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Title: Development and experimental validation of CPOx reforming dynamic model for fault detection and isolation in SOFC systems
Authors: Di Filippi, Arturo
Sergi, Vincenzo
Pianese, Cesare
Sorrentino, Marco
Marra, Dario
Keywords: CPOx
Issue Date: 13-Jun-2015
Publisher: Universita degli studi di Salerno
Abstract: In the present work an investigation of the reforming technologies available for Solid Oxide Fuel Cell (SOFC) systems and their basic concepts has been carried out, with the aim to describe, test and simulate the reforming process for fault diagnosis application. The final aim of a fault diagnosis activity for SOFC systems is to reach the required criteria for a commercial application, which, besides long lifetime and performance, include high reliability and safety at reasonable costs. The achievement of these targets is necessary to contribute promoting the SOFC technology and finally starting a mass production phase. In this thesis, the attention has been focused on the reforming reactor, responsible for the conversion of the inlet fuel in hydrogen, suitable source fuel for the SOFC. In particular, the Catalytic Partial Oxidation (CPOx) process has been analyzed. The CPOx reforming mechanism is the most attractive technology for the production of syngas or hydrogen in small-medium scale SOFC applications and Micro Combined Heat and Power (μCHP) systems. This is due to the ability of the CPOx reaction to be carried out in compact reactors with rapid dynamic response and with low heat capacity. The reaction is slightly exothermic and therefore does not require external heat to take place. In addition, CPOx technology does not require steam, as the media required for the reforming reaction is air, which is easily available for residential application. This mainly means that CPOx is independent from an external water source and any heating source. The hydrocarbon is both oxidized to CO2 and H2O, either partially or completely, and also converted to synthesis gas by endothermic steam reforming (according to the indirect CPOx mechanism). Despite these advantages, catalytic partial oxidation is less efficient than steam reforming. This indicates that it is most suitable for applications in which the system simplicity has the priority with respect to the hydrogen yield. The high surface temperatures can cause a local loss of activity of the catalyst, leading to the instable performance of the entire reactor. Nevertheless, in the CPOx process even a small difference in the operating air and fuel flow rates could lead to carbon deposition or oxidation of the catalyst, with serious consequences for the SOFC system and for the stack itself. It is therefore extremely important to develop a diagnosis tool able to investigate these phenomena and to detect and isolate the faults that may verify inside the reactor. The most common fault events likely to occur inside a CPOx reformer for SOFC applications have been analyzed through a Failure Mode and Effect Analysis (FMEA) and a Fault Tree Analysis (FTA). These analyses are aimed at identifying the main events responsible for the catalyst deactivation, together with their causes and effects on the SOFC system performance. The Catalytic Partial Oxidation mechanism has then been explored from both modelling and experimental points of view, with the aim to simulate the reforming process and identifying the thermodynamic optimal operating conditions at which natural gas may be converted to hydrogen. At the same time, the main fault scenarios likely to occur during the reforming phase have been analyzed, both in experiments and during simulations, to evaluate the capability of the developed model in performing effective fault detection and isolation for on-board diagnostic application. The CPOx dynamic model developed is based on the minimization of Gibbs free energy and can be easily reconfigured for describing a steam reforming mechanism. The simulation results give useful indication on how operating parameters such as the input conditions of reactants (inlet compositions and temperature) affect the reaction equilibrium and, in turn, the products composition and reactor outlet temperature. A sensitivity analysis for different operating conditions has been carried out. The transient behavior of the reforming reaction and the information about methane conversion and hydrogen selectivity complete the set of model results. The dynamic CPOx model has been validated through experimental data and its behavior during transients has been carefully analyzed during the variations in the set-points of operating phases. Both test data and reactor design were part of the activities performed within the EFESO project, funded by the Italian Ministry of Economic Development and led by Ariston Thermo Spa. The model results demonstrate that the CPOx dynamic model represents a useful tool for fault diagnosis application and its results provide an interesting benchmark for the design and working parameters of a CPOx reforming system for SOFC application. [edited by author]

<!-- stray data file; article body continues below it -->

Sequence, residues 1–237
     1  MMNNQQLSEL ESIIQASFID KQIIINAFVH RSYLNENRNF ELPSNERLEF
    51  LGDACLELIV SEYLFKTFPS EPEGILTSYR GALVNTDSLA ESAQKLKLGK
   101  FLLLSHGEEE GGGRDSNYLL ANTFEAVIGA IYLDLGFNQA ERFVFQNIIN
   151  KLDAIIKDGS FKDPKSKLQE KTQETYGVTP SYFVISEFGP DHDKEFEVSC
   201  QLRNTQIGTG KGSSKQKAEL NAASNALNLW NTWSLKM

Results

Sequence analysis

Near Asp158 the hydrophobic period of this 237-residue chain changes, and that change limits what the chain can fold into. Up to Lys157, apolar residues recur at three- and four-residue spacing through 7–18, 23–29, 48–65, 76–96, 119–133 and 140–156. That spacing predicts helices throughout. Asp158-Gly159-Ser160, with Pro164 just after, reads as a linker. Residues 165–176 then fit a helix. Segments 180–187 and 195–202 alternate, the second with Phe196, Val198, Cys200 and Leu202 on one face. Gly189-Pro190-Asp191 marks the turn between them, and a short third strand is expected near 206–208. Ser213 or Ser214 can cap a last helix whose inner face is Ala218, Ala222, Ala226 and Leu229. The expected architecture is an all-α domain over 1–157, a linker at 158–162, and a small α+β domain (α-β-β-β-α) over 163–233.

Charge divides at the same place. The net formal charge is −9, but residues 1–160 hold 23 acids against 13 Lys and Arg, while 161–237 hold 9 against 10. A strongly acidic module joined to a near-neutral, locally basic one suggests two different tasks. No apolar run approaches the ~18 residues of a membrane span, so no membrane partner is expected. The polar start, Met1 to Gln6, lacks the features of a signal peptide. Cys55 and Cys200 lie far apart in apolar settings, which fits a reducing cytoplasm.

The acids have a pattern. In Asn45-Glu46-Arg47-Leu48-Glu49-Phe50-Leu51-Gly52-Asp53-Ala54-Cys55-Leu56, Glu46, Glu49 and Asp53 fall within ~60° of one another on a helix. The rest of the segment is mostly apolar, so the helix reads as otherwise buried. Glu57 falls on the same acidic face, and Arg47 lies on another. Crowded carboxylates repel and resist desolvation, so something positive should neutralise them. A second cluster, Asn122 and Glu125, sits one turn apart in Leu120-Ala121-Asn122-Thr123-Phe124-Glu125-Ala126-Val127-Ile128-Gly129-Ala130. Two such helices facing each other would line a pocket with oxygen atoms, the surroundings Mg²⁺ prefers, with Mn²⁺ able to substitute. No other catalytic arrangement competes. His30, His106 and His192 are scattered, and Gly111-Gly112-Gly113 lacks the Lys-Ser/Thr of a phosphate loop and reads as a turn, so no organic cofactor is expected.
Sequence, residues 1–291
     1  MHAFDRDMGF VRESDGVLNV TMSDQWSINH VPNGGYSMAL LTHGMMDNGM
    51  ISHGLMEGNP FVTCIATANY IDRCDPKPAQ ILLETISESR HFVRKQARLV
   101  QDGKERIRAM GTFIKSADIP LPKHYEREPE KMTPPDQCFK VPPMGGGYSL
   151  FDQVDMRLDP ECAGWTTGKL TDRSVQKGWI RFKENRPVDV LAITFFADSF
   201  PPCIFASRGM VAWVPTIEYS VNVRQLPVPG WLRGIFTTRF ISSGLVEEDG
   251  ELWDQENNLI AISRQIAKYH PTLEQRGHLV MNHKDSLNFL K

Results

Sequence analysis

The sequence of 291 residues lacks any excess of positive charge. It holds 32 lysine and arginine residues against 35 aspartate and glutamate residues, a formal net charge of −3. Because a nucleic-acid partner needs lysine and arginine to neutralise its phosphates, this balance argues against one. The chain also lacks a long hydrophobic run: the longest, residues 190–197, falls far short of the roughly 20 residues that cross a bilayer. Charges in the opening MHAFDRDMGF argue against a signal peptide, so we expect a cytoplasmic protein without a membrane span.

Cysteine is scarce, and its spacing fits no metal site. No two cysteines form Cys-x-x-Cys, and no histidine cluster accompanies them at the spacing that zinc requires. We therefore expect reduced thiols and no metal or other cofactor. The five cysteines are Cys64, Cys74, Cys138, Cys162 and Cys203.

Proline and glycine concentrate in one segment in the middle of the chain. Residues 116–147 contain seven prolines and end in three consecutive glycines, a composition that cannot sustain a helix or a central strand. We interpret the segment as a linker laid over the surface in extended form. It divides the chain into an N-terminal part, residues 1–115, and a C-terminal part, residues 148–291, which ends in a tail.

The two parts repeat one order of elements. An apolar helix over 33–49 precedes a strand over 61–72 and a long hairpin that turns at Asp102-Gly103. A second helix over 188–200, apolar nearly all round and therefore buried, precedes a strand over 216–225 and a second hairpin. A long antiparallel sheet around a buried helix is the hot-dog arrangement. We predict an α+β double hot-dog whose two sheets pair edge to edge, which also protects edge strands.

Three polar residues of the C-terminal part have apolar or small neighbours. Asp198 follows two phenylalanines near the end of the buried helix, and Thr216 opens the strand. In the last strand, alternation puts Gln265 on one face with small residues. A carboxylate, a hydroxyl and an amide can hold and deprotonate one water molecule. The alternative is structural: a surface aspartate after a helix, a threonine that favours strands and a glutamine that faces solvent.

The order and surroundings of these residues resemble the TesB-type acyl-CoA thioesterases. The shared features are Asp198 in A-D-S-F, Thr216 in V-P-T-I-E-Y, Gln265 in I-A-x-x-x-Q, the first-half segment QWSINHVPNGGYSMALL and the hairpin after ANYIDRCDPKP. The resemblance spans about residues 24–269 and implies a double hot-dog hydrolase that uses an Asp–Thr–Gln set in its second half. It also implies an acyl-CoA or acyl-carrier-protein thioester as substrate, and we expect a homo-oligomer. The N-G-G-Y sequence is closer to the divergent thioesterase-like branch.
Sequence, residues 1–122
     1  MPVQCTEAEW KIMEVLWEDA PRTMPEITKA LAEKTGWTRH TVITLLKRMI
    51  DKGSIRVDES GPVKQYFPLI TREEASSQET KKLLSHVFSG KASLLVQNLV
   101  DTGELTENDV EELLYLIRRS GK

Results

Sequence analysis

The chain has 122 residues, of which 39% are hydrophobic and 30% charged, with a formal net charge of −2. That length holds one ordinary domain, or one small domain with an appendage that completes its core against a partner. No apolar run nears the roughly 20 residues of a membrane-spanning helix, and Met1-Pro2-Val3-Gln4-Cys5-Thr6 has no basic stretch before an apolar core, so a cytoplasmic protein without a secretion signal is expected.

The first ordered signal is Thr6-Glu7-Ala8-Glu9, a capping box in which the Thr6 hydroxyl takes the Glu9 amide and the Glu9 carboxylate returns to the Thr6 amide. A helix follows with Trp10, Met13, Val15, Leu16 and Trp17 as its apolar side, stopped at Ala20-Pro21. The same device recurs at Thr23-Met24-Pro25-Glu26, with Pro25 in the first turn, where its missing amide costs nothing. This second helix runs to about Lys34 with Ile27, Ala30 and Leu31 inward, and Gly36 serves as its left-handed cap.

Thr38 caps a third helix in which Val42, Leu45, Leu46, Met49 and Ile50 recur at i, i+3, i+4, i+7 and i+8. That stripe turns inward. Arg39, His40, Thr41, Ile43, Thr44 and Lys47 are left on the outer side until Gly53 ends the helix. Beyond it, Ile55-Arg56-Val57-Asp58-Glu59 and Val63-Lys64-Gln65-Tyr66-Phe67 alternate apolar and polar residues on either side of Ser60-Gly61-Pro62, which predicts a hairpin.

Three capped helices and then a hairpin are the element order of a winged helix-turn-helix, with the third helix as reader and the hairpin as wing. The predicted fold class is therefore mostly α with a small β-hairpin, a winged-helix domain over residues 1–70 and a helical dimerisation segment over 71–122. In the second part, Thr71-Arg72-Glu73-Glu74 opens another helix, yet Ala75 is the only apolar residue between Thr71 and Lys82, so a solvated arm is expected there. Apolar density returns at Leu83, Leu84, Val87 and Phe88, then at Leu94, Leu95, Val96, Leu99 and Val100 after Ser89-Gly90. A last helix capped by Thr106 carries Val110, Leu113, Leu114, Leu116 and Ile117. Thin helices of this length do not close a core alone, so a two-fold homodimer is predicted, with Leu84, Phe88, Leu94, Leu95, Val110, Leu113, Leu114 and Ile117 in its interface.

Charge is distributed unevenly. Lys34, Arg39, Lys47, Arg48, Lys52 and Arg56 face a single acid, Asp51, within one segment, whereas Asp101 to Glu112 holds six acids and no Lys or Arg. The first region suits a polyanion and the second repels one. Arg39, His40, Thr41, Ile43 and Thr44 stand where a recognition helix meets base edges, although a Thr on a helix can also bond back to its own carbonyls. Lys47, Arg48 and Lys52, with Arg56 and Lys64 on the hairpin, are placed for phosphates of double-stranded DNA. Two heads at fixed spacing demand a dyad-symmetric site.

Description: 2013 - 2014
Appears in Collections:Ingegneria meccanica

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